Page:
The difficulty of making big decisions | In Focus

Heavy is the head the wears the crown, from the school board to the Supreme Court.

Mandatory masks, critical race theory, eviction moratoriums, and the states’ Roe v. Wade reversals were recently presented before those in positions of power. These are just four of the many decisions local, state, and national leaders made in 2021 and will make in 2022.

All these decisions affect us locally. None of them are easy. Heavy is the mantle of power.

Recently our school superintendent suffered racial epithets at a school board meeting. Not only is the color of his skin irrelevant to the running of a school district, but it also makes the decisions he and the board have to make even more difficult.

So many parents are coming to the school board meetings that they are now held in the high school auditorium. Some of the more vocal parents are protesting the requirement of mandatory masks, even though it is a state decision, and the consequences of disobeying the governor’s mandate could result in the potential loss of $41 million in state support.

What school board or superintendent wants to make the decision to reject a state mandate in order to please irate parents who feel their rights are endangered and ignore the fact that funding for their children’s education is at stake? How could any school board and superintendent order social studies teachers to not talk about the systemic racism found in our Constitution? The issue of teaching Critical Race Theory has become a hot button in the schools, even though it is a college level theory. The “theory” is not taught in our schools, but American history is.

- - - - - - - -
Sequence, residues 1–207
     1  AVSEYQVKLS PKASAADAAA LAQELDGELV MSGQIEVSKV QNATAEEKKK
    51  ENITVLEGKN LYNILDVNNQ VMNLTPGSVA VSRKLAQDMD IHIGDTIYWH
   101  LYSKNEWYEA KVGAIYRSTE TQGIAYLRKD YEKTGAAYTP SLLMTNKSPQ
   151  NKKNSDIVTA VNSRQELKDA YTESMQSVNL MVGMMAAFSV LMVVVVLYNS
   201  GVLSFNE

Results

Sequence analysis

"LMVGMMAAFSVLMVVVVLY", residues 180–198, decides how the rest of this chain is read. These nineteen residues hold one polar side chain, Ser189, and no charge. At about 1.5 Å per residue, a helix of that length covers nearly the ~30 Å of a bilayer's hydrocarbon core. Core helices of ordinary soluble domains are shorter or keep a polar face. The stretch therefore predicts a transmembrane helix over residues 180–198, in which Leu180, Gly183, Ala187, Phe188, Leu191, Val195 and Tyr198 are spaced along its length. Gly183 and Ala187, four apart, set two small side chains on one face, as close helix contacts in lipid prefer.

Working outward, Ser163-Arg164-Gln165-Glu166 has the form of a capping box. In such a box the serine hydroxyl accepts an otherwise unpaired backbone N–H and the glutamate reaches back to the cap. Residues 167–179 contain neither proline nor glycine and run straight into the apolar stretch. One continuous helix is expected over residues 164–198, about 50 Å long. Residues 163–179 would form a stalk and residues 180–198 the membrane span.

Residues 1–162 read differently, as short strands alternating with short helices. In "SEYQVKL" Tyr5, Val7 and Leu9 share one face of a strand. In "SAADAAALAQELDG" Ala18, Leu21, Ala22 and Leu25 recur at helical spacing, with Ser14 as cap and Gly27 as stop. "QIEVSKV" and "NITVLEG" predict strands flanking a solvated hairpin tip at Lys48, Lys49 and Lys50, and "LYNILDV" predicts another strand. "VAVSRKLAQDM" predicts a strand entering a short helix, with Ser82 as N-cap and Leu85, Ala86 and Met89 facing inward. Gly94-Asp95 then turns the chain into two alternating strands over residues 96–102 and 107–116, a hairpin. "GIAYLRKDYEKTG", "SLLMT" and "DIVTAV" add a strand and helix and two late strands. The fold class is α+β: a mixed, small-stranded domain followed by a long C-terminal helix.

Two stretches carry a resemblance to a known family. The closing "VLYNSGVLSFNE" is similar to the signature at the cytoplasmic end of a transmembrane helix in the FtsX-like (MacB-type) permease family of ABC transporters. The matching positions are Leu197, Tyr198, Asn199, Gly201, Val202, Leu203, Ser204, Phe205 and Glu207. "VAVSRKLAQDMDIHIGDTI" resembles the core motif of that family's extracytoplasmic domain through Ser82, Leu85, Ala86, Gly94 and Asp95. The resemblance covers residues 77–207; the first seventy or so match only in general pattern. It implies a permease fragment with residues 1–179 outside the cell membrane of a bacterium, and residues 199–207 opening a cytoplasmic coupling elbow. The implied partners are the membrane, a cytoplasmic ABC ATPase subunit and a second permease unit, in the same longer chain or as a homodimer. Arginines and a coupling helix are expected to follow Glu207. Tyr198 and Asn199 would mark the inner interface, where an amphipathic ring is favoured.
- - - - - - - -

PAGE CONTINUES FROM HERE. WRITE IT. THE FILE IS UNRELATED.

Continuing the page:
Systemic racism is found in the 3/5 Compromise, where national representation in the House of Representatives was based upon the entire population of a state including slaves, but slaves were only counted as 3/5 of a person and had no protections under the Constitution.

What about the issue of race that was the major cause of the Civil War? Or discrimination against Chinese, Mexicans, and Japanese? To forbid teachers to discuss the facts of history destroys the purpose of teaching history and turns it into propaganda.

In terms of eviction moratoriums, there was a great deal of concern about some renters avoiding the responsibility of paying their rents, putting the burden on the taxpayers. This is true. Some renters gamed the system. The governor had to make decisions to keep the numbers of homeless from multiplying while at the same time knowing that businesses would be irate at the government controls that seemed to target them.

But isn’t it more important that the nation and the states avoid another Great Depression in the process? There’s the short-term view and the bigger picture that must always be considered. How do billions of dollars lost due to corruption compare to the suffering engendered by massive unemployment? How can any governmental leader deal with these weighty decisions knowing the blowback of any decision they make?

Perhaps the hottest issue right now is whether the Roe v. Wade decision will be overturned by a 6-3 conservative Supreme Court. Many Republican controlled states have passed anti-abortion laws designed to end Roe v. Wade in America. The media on both sides are stirring up emotions.

Put yourself in the position of those nine justices who must be feeling a great deal of pressure as media commentators predict how the court will decide. Would you want to feel that pressure? It’s guaranteed that whatever the decision, millions will be angry. The nation will become even more divided as anger flares. Would you want to further divide our nation just to win a political/philosophical battle?

Every Supreme Court justice knows that their decisions will be remembered and published for the rest of our history. It’s important for all citizens, voters, and parents to consider the burden of those bearing the mantle of responsibility.

Every elected official knows the next election is not that far away. Any missteps and poorly thought-out words could signal their defeat.

Remember this anonymous reflection on decision-making: “Sometimes the hardest thing and the right thing are the same.”